University counsel discusses Foundation for Individual Rights in Education red light rating

Matt Wettengel

The red light rating Iowa State holds from the Foundation for Individual Rights in Education isn’t cause for much alarm for the Office of University Counsel.

Keith Bystrom, associate counsel for the office, attended the lecture presented by Adam Kissel, vice president of programs for FIRE, Thursday and believes that most of the logic behind the university’s ratings are based off misinterpretations of the rhetoric used in the policies and a lack of context for the things that are included in them.

By providing some context for each of the policies flagged by FIRE, Bystrom explained that the policies are created and maintained to benefit members of the university and create a safe environment.

The university’s discrimination and harassment policy received a red light rating because of the examples list that is included, which was interpreted by Kissel to designate any instance of pranks or jokes as a violation of the policy.

“I’m surprised that he would look at our discrimination policy and say that it’s the examples that are the problems. To us it’s the examples that help people get a picture of some of the things that can cause problems and that’s why [they’re in the policy],” Bystrom said.

Bystrom pointed to the sentence before the examples list, which classifies harassment as “a form of discrimination if it is unwelcome and sufficiently severe or pervasive so as to substantially interfere with a person’s work or education,” to clarify that not all jokes and pranks would be classified as harassment.

“What our policy is saying is that you might cross the line, it depends on what you do,” Bystrom said. “Any kind of harassment is very contextual, and [we’re] looking at what happens, what are the circumstances and does it reach the level where it’s harassment.”

This applies to the Internet usage policy, which received a yellow light rating because of its prohibiting of the sending of unsolicited emails. There are circumstances that require the university to get involved when unsolicited emails are received, often having to do with relationships, Bystrom said.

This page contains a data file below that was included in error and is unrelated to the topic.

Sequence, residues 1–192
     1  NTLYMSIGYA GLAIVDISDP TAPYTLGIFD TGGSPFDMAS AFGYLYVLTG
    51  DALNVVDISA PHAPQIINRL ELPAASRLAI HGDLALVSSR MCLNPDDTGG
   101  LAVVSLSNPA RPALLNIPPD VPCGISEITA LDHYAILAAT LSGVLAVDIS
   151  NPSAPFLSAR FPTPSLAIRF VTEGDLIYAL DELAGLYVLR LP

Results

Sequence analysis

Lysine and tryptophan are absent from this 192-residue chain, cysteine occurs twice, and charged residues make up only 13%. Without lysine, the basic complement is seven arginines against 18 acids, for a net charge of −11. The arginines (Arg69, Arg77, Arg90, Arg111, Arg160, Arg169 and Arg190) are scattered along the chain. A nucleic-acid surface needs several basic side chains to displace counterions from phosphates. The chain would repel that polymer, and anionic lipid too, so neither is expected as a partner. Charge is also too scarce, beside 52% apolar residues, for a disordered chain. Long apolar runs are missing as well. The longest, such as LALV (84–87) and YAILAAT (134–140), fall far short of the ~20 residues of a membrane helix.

The yellow light rating that FIRE gave to the Facilities and Grounds Use were made because of a misinterpretation of the university’s policy, Bystrom said. In Kissel’s lecture Thursday, he explained that the policy received a yellow light rating because it requires that anyone planning to use the designated public forum areas tell the university if they want to exercise free speech. This is only the case if they plan to use the area before or after 8 a.m. and 4 p.m. Monday through Friday, if the event will be held within 100 feet from buildings that normally hold classes, or if a crowd of more than 50 people is expected, Bystrom said.

Bystrom said the policy is in place to allow normal activities to take place without unprecedented disruptions and to prevent the disruption of the mission of the university, which is to educate students.

“That’s why we have rules like that,” Bystrom said. “We have the ‘number of people rule’ and we also have the ‘no amplification rule.’ Those are time, place and manner things. If you’re going to amplify and be louder than what a normal person could say with their voice, then it increases the likelihood of disrupting our mission, which is to educate and do research here on campus.”

Throughout various First Amendment Day activities, Dylan Boyle, president of the Leo Mores Chapter of the Society of Professional Journalists and senior in journalism and mass communication, collected signatures on a petition to rid the campus of free speech zones, and make the entire ISU campus a free speech zone. After a conversation with Bystrom about the policy, Boyle said the group needs to look further into the issue before taking any more action with its petition, which received between 70 and 100 signatures.

“A key point with the petition was that we were demonstrating the right to petition [provided by the First Amendment],” Boyle said.

FIRE’s right to interpret schools’ policies is yet another right provided to them by the First Amendment, Bystrom said.

“We have a number of communications from FIRE and similar organizations, and it does cause us to look at our policies, and we have,” Bystrom said. “Evaluating our policies is an ongoing thing, and there may be some changes in wording. There is probably some language in some of our policies that’s outdated and might be able to be updated some.”

Overall, Bystrom felt that Kissel’s final message was a valuable one for students; to be informed, speak up and participate in the marketplace of ideas that is their college campus. If students have issues with any of the policies in place at Iowa State, he encouraged them to take their concerns to the Government of the Student Body or the Dean of Students Office.